CANBERRA, Australia - The world's largest meat processing company has resumed most production after a weekend cyberattack, but experts say the vulnerabilities exposed by this attack and others are far from resolved.
JBS notified the federal government the ransom demand came from the ransomware gang REvil, which is believed to operate in Russia, according to a person familiar with the situation who is not authorized to discuss it publicly.
REvil has not posted anything related to the hack on its darkweb site. But that’s not unusual. Ransomware syndicates as a rule don’t post about attacks when they are in initial negotiations with victims — or if the victims have paid a ransom.
JBS hasn’t discussed the ransom demand in its public statements. Phone and email messages seeking comment were left with the company Wednesday.
JBS said late Tuesday that it had made "significant progress" in dealing with the cyberattack and expected the "vast majority" of its plants to be operating on Wednesday. The attack affected servers supporting JBS’s operations in North America and Australia. Backup servers weren’t affected and the company said it was not aware of any customer, supplier or employee data being compromised.
"Our systems are coming back online and we are not sparing any resources to fight this threat," Andre Nogueira, CEO of JBS USA, said in a statement.
The northern Australian offices of JBS Foods is seen during sunset in Dinmore, west of Brisbane, on June 1, 2021, after the U.S. subsidiary of the world's largest meat processing companies said it had been hacked, paralyzing some of its operations an
Ransomware expert Allan Liska of the cybersecurity firm Recorded Future said the attack on JBS was the largest yet on a food manufacturer. But he said at least 40 food companies have been targeted by hackers over the last year, including brewer Molson Coors and E & J Gallo Winery.
Food companies, Liska said, are at "about the same level of security as manufacturing and shipping. Which is to say, not very."
The attack was the second in a month on critical U.S. infrastructure. Earlier in May, hackers shut down operation of the Colonial Pipeline, the largest U.S. fuel pipeline, for nearly a week. The closure sparked long lines and panic buying at gas stations across the Southeast. Colonial Pipeline confirmed it paid $4.4 million to the hackers.
JBS is the second-largest producer of beef, pork and chicken in the U.S. If it were to shut down for even one day, the U.S. would lose almost a quarter of its beef-processing capacity, or the equivalent of 20,000 beef cows, according to Trey Malone, an assistant professor of agriculture at Michigan State University.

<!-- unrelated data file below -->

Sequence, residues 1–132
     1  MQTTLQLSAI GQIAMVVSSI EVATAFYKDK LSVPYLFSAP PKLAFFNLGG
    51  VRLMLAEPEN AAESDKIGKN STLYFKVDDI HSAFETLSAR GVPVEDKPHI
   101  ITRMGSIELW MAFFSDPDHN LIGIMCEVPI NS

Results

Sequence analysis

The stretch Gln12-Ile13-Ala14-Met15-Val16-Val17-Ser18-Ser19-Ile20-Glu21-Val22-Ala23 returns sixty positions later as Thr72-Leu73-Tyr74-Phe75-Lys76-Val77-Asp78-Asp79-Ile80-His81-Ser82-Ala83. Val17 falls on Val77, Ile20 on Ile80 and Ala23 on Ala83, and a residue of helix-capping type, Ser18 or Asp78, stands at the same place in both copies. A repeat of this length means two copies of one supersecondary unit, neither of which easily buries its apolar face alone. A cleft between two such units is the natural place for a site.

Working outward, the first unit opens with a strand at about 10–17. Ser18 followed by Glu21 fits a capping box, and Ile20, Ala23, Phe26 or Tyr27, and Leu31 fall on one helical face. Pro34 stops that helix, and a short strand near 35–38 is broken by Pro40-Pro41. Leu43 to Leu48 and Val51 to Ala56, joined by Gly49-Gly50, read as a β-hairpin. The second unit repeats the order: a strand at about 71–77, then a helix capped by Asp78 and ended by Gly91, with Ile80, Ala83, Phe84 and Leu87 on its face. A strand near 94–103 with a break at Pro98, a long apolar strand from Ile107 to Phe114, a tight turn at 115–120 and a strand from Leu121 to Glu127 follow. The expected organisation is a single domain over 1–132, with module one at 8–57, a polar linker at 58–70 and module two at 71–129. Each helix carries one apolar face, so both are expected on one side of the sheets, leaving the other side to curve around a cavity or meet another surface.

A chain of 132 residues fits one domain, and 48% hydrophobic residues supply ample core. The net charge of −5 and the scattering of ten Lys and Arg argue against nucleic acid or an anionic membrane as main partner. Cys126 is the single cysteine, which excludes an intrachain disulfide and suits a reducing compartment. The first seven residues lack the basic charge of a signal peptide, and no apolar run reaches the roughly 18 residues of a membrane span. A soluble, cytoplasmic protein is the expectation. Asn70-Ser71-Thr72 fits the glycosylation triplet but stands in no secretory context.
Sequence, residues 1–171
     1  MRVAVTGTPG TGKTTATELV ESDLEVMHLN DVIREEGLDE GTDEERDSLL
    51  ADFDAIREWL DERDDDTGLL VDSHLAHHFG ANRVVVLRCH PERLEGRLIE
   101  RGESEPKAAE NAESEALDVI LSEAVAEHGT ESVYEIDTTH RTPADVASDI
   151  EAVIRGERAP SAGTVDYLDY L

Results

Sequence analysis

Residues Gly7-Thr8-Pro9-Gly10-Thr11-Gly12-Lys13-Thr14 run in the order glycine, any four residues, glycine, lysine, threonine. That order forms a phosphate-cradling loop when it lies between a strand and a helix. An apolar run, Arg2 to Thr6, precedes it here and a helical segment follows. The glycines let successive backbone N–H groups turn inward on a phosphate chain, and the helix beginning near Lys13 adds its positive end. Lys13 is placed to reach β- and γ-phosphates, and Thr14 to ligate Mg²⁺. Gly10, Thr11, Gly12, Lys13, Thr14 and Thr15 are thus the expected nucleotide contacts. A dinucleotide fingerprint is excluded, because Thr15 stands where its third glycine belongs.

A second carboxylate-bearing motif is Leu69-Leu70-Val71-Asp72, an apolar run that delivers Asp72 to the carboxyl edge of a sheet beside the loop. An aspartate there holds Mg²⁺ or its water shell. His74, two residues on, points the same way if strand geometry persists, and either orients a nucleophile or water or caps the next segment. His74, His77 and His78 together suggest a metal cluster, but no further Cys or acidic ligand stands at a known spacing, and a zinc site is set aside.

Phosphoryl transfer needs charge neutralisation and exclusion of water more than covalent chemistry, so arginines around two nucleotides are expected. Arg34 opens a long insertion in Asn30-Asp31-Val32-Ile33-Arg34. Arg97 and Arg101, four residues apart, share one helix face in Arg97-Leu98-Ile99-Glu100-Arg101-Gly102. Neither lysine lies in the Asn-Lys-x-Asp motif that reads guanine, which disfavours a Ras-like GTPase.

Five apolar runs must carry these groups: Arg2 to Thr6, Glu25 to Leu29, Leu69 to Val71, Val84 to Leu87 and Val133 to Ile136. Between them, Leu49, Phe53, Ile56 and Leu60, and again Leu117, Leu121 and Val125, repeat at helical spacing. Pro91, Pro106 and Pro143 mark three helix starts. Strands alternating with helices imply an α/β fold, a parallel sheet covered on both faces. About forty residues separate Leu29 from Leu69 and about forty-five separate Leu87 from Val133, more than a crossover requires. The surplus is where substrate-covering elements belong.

David White, president of the cyber risk management company Axio, said the U.S. has no cybersecurity requirements for companies outside of the electric, nuclear and banking systems. That may put companies like JBS and Colonial Pipeline more at risk.
White said regulations would help, particularly for companies with inadequate or immature cybersecurity programs. Those rules should be sector-specific and should consider the national economic risks of outages, he said.
But he said regulations can also have an unintentional negative effect. Some companies might consider them the ceiling — not the starting point — for how they need to manage risk, he said,
"Bottom line: regulation can help, but it is not the panacea,"' White said.
The JBS plant closures reflect the reality that modern meat processing is heavily automated, for both food- and worker-safety reasons. Computers collect data at multiple stages of the production process; orders, billing, shipping and other functions are all electronic.
JBS plants in Australia resumed limited operations as of Wednesday in New South Wales and Victoria states, Agriculture Minister David Littleproud said. The company hoped to resume work in Queensland state on Thursday, he said.
Littleproud said his department and Australian law enforcement officials were due to meet with their counterparts in the U.S. on Wednesday.
JBS, which is a majority shareholder of Pilgrim’s Pride, didn’t say which of its 84 U.S. facilities were closed Monday and Tuesday because of the attack. It said JBS USA and Pilgrim’s were able to ship meat from nearly all of its facilities Tuesday. Several of the company’s pork, poultry and prepared foods plants were operational Tuesday and its Canada beef facility resumed production, it said.
Principal deputy press secretary Karine Jean-Pierre said Tuesday the White House "is engaging directly with the Russian government on this matter and delivering the message that responsible states do not harbor ransomware criminals." The FBI is investigating the incident, and the Cybersecurity and Infrastructure Security Agency is offering technical support to JBS.
In addition, USDA has spoken to several major meat processors in the U.S. to alert them to the situation, and the White House is assessing any potential impact on the nation’s meat supply.
JBS has more than 150,000 employees worldwide.
Mark Jordan, who follows the meat industry as the executive director of Leap Market Analytics, said the disruption to the food supply will likely be minimal. Meat processers are accustomed to delays because of various factors including industrial accidents and power outages. They can make up for lost production with extra shifts, he said.
"Several plants owned by a major meatpacker going offline for a couple of days is a major headache, but it is manageable assuming it doesn’t extend much beyond that," he said.
Durbin reported from Detroit. AP Writer Alan Suderman in Richmond, Virginia, and Frank Bajak and Alexandra Jaffe in Washington contributed.